An Easter of Alabaster


The woman with the alabaster jar has always fascinated me. I don’t know if it’s her anonymity, her daring risk, or just the mysteriously beautiful word “alabaster” that captured my interest the most, but regardless, the enigma of this story has kept me returning over the last few years to dig deeper and uncover the heart of its meaning. Both Mark 14:3-9 and Matthew 26:6-13 record the story. Picture the scene with me for a minute.

Here we have a dinner party where Jesus is reclining with the guys at the table. We know it’s hosted by Simon the leper, and Matthew tells us in his chapter 26 account that the disciples were also there. And chances are, other men from the town were there too. Then in walks this woman carrying an alabaster vial of nard.

[pullquote width="300" float="right"]Jews openly anointed individuals who were being set apart for some great role. Namely, when someone was being inducted to royalty or the priesthood.[/pullquote]

She doesn’t seem to be one of the invited dinner guests, but makes her appearance anyway, walking in with purpose and intentionality. She knows what she’s doing.

Ignoring the stares of the men in the room, she walks straight to Jesus – her sole focus. Then she breaks the seal of the bottle, and pours the oil on His head.

Fragrant perfume fills the room. It’s not a wimpy, wispy scent – this stuff is potent. Everyone can smell it, everyone can see what was done, and some take it upon themselves to heap scorn and shame upon her head.

Nard (short for spikenard) is an oil made from a plant grown in India. It was very expensive, this particular bottle costing a year’s wages. Think about that for a second – imagine saving up every single cent of an entire year’s worth of paychecks, spending it all on one tiny bottle of oil, then pouring out that costly oil on someone’s head. It does seem a bit foolish and wasteful, which the men in the room began to accuse her of.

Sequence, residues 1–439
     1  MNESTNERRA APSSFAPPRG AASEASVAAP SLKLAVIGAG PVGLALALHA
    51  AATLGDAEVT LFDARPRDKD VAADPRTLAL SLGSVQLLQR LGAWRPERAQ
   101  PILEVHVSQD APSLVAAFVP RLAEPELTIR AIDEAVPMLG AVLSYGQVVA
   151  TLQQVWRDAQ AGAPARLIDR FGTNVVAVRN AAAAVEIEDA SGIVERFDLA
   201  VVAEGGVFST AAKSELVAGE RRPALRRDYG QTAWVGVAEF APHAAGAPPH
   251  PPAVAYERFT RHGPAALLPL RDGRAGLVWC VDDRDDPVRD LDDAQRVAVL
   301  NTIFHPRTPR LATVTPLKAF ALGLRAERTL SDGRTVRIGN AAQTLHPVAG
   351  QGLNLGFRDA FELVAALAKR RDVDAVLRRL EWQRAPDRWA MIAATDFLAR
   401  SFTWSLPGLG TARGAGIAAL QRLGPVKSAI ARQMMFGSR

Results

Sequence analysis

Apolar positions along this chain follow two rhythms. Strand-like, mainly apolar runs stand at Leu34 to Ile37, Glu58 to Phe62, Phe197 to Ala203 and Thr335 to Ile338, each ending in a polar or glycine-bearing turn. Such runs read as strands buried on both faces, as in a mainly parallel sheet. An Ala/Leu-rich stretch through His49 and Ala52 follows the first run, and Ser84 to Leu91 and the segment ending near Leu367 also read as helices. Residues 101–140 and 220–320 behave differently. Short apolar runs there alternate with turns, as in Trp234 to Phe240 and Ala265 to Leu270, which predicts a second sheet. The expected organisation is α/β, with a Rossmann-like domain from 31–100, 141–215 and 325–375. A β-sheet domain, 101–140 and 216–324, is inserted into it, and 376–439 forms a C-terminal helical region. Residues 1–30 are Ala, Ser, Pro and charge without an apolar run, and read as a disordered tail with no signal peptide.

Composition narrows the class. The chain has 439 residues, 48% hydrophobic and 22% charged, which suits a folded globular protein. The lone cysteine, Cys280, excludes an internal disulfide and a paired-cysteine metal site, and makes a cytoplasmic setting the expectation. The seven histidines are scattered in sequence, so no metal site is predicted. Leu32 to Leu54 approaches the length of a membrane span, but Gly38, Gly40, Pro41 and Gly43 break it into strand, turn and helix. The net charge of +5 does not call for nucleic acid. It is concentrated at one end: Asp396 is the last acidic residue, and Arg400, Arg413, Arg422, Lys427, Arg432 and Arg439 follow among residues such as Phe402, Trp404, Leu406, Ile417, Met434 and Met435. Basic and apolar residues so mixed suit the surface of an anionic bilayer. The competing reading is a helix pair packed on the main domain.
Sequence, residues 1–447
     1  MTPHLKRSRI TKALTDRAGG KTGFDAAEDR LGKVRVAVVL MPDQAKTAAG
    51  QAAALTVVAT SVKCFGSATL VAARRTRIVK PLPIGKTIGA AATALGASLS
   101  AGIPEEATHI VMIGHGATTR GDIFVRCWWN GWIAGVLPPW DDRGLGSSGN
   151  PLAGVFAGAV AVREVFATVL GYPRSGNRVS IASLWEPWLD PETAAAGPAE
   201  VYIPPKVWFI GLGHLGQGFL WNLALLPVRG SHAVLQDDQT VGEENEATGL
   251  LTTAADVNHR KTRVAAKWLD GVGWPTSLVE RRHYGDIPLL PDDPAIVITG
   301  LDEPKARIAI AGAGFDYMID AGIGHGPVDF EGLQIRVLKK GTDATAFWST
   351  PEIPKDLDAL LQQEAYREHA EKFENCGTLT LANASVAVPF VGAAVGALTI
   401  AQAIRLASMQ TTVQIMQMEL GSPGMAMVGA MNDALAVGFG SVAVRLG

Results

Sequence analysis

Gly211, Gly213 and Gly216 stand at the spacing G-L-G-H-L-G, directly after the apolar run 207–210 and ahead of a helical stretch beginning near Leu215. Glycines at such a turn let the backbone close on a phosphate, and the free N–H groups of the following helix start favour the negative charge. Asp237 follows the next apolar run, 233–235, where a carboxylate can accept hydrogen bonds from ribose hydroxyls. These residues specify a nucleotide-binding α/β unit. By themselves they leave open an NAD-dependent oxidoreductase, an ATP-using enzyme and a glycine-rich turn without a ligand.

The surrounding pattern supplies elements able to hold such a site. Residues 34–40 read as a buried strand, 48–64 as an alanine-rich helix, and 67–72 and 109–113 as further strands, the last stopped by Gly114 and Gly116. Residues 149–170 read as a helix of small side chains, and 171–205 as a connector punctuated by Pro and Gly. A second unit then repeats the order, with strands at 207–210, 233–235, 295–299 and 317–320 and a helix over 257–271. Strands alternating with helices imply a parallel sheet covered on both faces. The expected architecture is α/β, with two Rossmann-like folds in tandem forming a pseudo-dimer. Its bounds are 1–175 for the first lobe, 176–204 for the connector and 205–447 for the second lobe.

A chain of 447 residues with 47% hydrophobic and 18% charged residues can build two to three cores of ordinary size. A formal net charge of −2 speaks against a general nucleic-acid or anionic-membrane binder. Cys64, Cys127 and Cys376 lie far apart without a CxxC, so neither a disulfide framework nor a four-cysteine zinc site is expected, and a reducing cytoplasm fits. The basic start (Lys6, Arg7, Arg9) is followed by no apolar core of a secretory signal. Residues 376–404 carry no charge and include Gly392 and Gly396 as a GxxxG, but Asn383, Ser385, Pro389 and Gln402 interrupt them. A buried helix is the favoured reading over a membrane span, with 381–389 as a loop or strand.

But Jesus doesn’t miss a beat. Immediately, He steps in to protect the heart of this woman who braved ridicule to openly worship Him and give Him the recognition she knew He deserved.

See, the thing is, Jews openly anointed individuals who were being set apart for some great role. Namely, when someone was being inducted to royalty or the priesthood. In Jesus’ case, it was both. Yet for all His miracles and teachings, no one had officially recognized Him as the Messiah by giving Him the ceremonial anointing of oil.

So here we are, in the last days before His crucifixion, and a humble woman gives up what was probably her life’s savings to give Him the recognition He deserved – a public pronouncement that this Man is both King and High Priest.

And in response to her act of selfless devotion, the guys get all up in arms because they think she’s taken what could have been useful and done some good in the world, and thrown it away. It literally says they began to scold her.

Can you imagine being a grown woman, having just professed a costly, public act of love and devotion, and being reprimanded as a child by a group of scorning men? I think I would feel like my vulnerable heart was being torn to pieces and stomped on.

Jesus makes His opinion of the whole thing pretty clear: Back off.  What she’s done is not wasteful or foolish. It’s beautiful. She’s done what she was able to do. And you know what else? This means so much to Me that what she’s done here tonight will be told about wherever My gospel is spread for centuries to come.

So what does this mean for our modern age?

This article on The Anointing at Bethany has some good things to say:

Mark 14:8 “She has done what she could; she has anointed My body beforehand for the burial.